Card et al. (2015) and Hirsch et al. (2010) using matched employee/employer data from Portugal and Germany, respectively, Black and Strahan (2001) studying U.S. banks upon deregulation, and a broader analysis of gender and negotiations in Babcock and Laschever (2003). Lab experiments such as Niederle and Vesterlund (2007) and field experiments such as Flory et al. (2015) suggest that another contributing factor to the gender pay gap is that women disproportionately shy away from competition. Other papers show that some of the gender gap can be explained by differential sorting (which could be at least partially due to differences in preferences), including Card et al.
(2015), Gupta and Rothstein (2005), and Bayard et al. (2003). Sorting is not relevant in our context, as we study a single firm. However, there clearly is gender-based sorting into rideshare driving given that our sample is overwhelmingly male.
The paper proceeds with a description of our data and the documenting of a 7% hourly earnings gender gap among well over a million drivers on Uber. Having established that there is a gender earnings gap for drivers, we study the details of how drivers are compensated so that we can break down all components that affect driver pay. We focus on drivers in the Chicago metropolitan area to reveal the primary determinants of the earnings gap, though we also show, using data from several other cities, that our conclusions are invariant to the market we choose. We conclude with implications and summary remarks.
2 Uber: Background and Data 2.1 The Uber Marketplace Uber’s software connects riders with drivers willing to provide trips at posted prices. Riders can request a trip through a phone app, and this request is then sent to a nearby driver. The driver can either accept or decline the request during a short time window after seeing the rider’s location. If the driver declines the ride, then the request is sent to another nearby driver. Some products slightly vary this experience. For example, UberPOOL trips may involve picking up multiple riders traveling along a similar route. At the end of each ride, the passenger and driver rate each other on a scale from one to five stars.
Drivers have full discretion regarding when and where they work. Unlike wage and salary workers, drivers do not receive standard employee benefits like overtime or (for many, but not all, wage and salary workers) healthcare. A comprehensive discussion of the classification of drivers as independent contractors is out of the scope of this paper, but driver independence is convenient for this study insofar as we do not need to consider differential value for different kinds of compensation beyond monetary compensation and flexibility.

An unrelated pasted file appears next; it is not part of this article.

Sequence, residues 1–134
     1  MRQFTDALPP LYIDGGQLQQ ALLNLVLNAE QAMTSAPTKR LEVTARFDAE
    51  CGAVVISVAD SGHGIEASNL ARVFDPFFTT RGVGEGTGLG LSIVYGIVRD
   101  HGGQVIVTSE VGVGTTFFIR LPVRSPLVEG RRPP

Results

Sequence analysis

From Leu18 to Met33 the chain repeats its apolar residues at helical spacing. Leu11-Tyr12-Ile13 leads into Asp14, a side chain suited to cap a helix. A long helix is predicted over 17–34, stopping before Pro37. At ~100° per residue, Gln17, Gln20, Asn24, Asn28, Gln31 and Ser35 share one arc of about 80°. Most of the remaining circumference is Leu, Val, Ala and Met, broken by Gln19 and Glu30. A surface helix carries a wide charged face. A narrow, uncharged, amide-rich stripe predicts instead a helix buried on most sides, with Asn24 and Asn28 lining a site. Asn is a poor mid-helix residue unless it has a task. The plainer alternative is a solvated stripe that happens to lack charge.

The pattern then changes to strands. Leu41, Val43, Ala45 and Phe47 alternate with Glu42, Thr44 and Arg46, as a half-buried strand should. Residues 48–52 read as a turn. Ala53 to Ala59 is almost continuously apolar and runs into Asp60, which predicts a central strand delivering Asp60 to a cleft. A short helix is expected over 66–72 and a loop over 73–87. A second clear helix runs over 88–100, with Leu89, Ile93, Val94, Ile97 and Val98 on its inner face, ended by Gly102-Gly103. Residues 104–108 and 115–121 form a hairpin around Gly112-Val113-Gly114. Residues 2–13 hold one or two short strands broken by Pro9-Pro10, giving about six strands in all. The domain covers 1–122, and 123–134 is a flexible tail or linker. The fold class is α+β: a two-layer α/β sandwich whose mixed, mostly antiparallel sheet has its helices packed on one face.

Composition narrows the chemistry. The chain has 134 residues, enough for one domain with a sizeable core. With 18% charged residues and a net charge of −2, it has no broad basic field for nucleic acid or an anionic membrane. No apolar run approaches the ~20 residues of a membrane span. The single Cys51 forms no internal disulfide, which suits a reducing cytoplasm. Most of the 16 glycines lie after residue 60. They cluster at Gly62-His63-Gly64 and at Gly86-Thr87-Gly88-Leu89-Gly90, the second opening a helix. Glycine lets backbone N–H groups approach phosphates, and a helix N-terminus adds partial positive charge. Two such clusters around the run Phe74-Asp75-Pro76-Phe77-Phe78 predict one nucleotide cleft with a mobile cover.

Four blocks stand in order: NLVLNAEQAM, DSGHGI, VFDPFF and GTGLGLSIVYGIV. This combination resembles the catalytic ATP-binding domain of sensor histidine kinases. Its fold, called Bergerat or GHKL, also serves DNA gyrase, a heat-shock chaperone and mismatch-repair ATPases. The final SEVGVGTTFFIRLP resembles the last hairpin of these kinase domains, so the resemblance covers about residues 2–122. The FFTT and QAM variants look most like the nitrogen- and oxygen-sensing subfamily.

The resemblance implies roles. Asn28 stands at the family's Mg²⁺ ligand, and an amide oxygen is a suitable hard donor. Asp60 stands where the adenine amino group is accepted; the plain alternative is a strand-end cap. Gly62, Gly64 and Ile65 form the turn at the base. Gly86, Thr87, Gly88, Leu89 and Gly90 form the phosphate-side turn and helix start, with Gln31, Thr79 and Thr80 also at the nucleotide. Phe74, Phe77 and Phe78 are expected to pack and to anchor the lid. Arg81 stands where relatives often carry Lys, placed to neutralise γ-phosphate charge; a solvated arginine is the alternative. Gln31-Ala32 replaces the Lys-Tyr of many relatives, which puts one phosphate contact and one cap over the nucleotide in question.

Drivers are paid according to a fixed, non-negotiated formula.
For a given trip, the driver earns a base fare plus per-minute and per-distance rates for the time and distance from pickup to dropoff. In times of imbalanced supply and demand, as manifested by high wait times and few available drivers, a “surge” multiplier greater than one may multiply the time and distance-based fare formula. Importantly, there are no explicit returns to tenure (e.g., promotion), convex returns to hours worked (i.e. higher hourly pay for 50 hours of work than 20 hours of work in a week), or opportunities for earnings discrepancies based on negotiated pay differentials on Uber.7 In our analysis, we will essentially be treating earnings as equivalent to productivity.
This is a reasonable assumption on any single trip, as driver earnings for a trip are highly correlated with rider fares.8 One concern is that, if a driver takes an action that increases or decreases a rider’s demand for future Uber rides, then a trip’s revenue could overstate or understate the driver’s marginal product of labor for that ride. For our analysis, this is only an issue if there are differences by driver gender in how drivers affect future demand. To address this, we looked at the ratings passengers provide for drivers at the end of each ride. Reassuringly for our approach, the average of rider ratings of drivers is statistically indistinguishable between genders.
When we regress ratings on gender and the control variables used throughout the paper, we find an economically trivial (and, 7 Occasionally, certain promotions will pay for convex hours worked by rewarding drivers for hitting certain thresholds of weekly trips; however, these thresholds are tailored to drivers based on their driving frequency in past weeks and attainable even for infrequent drivers. Further, incentives are a small portion of the average driver’s pay and our results hold when considering only “organic” pay.
8 Before Summer 2016, driver pay and rider fares for a trip were directly coupled, with a percentage service fee taken by Uber. However, rider fares are now “decoupled” and, while correlated with driver earnings, are not mechanically tied to earnings. Furthermore, while Uber now allows riders to tip their drivers in-app, this did not become available until June 2017, which is outside the scope of our data. We do not believe that cash tips – which were possible before in-app tipping – had a material impact on driver earnings.